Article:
Sunday Morning Quarterback: College Football Week 2 Recap…Is Larry Fedora Done at UNC?

(Image Courtesy: Michael Switzer)

Throughout the most tumultuous off-season of his career, I always had Larry Fedora’s back. Coming off a 3-9 season that was due in large part to a historic amount of injuries, Fedora did himself no favors with his bizarre “football is under attack” diatribe at ACC Kickoff. Just a few weeks later he had to suspend more than a dozen players for selling sneakers against NCAA rules. Anything that could go wrong for North Carolina football in the past year and a half, well, has gone very, very wrong. I thought he could survive it. I was wrong.

The injuries were an easy thing to point to in 2017 to explain why things turned so far south. The War on Football thing wasn’t so much about Fedora’s intent as it was his inability to articulate it. Are there questions about the effects of CTE? Sure, but Fedora made it sound like the country was going to hell in a handbasket if football ceased to exist. It was sloppy, poorly timed, and it put Fedora squarely under the microscope heading into the 2018 season. The sneaker scandal wasn’t Fedora’s fault; it was a Dumb Teenager Moment that Fedora and his administration actually handled very well. Most people don’t recognize that, however, and see the optics of another NCAA violation at UNC and want to blame Fedora for it. 

Just three years ago, North Carolina played for an ACC Championship against Clemson, and was an onside kick recovery away from having a shot to beat the eventual national runners-up. It’s not like the program hasn’t showed tremendous promise under Fedora’s guidance.

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On Saturday though, the program hit rock bottom. Even as a nearly decade-long NCAA cloud cast a shadow over the program, it was never in as bad of a shape as it is today after losing 43-19 to East Carolina.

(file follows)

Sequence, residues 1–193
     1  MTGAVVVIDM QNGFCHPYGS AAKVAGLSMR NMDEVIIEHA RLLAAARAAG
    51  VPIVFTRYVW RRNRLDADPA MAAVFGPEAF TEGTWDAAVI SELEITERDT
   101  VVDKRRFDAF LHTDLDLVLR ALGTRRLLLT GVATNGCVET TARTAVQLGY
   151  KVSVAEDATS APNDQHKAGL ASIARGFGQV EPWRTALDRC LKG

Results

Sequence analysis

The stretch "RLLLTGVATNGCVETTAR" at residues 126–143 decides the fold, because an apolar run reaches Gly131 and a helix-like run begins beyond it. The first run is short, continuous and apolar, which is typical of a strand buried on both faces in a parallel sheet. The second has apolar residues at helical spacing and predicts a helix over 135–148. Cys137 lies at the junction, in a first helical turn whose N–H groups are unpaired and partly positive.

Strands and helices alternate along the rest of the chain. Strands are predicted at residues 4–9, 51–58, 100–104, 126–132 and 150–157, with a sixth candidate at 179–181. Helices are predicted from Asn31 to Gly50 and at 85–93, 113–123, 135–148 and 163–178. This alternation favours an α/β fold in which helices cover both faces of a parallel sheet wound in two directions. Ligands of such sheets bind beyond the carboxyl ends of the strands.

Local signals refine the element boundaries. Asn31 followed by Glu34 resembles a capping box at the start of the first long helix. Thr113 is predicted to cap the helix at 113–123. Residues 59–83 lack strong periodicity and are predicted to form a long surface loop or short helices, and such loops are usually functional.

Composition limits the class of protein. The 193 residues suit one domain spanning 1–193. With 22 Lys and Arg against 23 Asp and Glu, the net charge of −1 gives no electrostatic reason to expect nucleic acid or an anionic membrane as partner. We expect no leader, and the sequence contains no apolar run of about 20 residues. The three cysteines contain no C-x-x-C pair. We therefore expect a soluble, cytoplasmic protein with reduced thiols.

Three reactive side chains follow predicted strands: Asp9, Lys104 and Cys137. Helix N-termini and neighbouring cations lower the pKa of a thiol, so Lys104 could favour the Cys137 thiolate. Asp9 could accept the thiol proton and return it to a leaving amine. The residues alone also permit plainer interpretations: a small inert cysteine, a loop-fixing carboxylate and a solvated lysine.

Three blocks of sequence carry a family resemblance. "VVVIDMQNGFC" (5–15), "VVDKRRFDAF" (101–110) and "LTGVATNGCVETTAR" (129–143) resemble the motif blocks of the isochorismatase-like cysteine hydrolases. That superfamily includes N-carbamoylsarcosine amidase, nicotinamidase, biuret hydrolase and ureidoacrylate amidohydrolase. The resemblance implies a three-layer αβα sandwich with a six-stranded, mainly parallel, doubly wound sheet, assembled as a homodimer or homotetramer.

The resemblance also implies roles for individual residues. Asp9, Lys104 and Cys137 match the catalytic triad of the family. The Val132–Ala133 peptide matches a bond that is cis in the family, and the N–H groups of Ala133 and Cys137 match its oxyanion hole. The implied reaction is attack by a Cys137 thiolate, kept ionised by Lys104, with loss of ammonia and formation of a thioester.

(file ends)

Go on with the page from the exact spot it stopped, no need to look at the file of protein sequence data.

As Andrew Carter of the Raleigh News & Observer perfectly explained, not enough has changed over the course of Fedora’s career in Chapel Hill. There were moments of hope, but too many times the program has failed to live up to expectations. Most of the time it seems like it’s on Fedora, too. Who can forget his stunning refusal to give Elijah Hood the ball in short-yardage/goal-line situations? The Tar Heels are routinely one of the most penalized teams in the ACC. The recruiting has somehow been worse after the NCAA investigation was over. Fedora’s once-innovative offense has never evolved while the rest of the country has caught up to his tricks. 

So where do the Tar Heels go from here? As Carter notes, Fedora was just extended a year ago through 2022. It’s going to cost a LOT of money to fire him now. Is AD Bubba Cunningham willing to do that? Fedora’s been loyal to UNC when he didn’t need to be. It wasn’t long ago he was one of the most sought-after coaches in college football. Those days seem like a century ago now. The question UNC officials (and fans) need to ask themselves is: how good of a job is head football coach at UNC?

I ran a poll on Twitter last week where more than 65% said it was either a good or a great job. I tend to think it’s a good job as well. You’re in a winnable division in a talent-rich area of the country. I’d rather be the head coach at UNC than say, Iowa. The fan support might not be there like it is for some other middle-tier Power Five schools, but the pressure is relatively low while the upside is high. If you can win eight games routinely at UNC, and maybe occasionally hit 10 wins, you’re safe. The ceiling at UNC is much higher than that, but it’s rare to find a program that has the infrastructure to compete for conference titles with the right coach where the expectations are so reasonable at the same time. I never would have thought Fedora couldn’t live up to that standard, but here we are.

With Larry Fedora officially on the hot seat, here are five names that I believe make the most sense for UNC to pursue if/when he’s fired.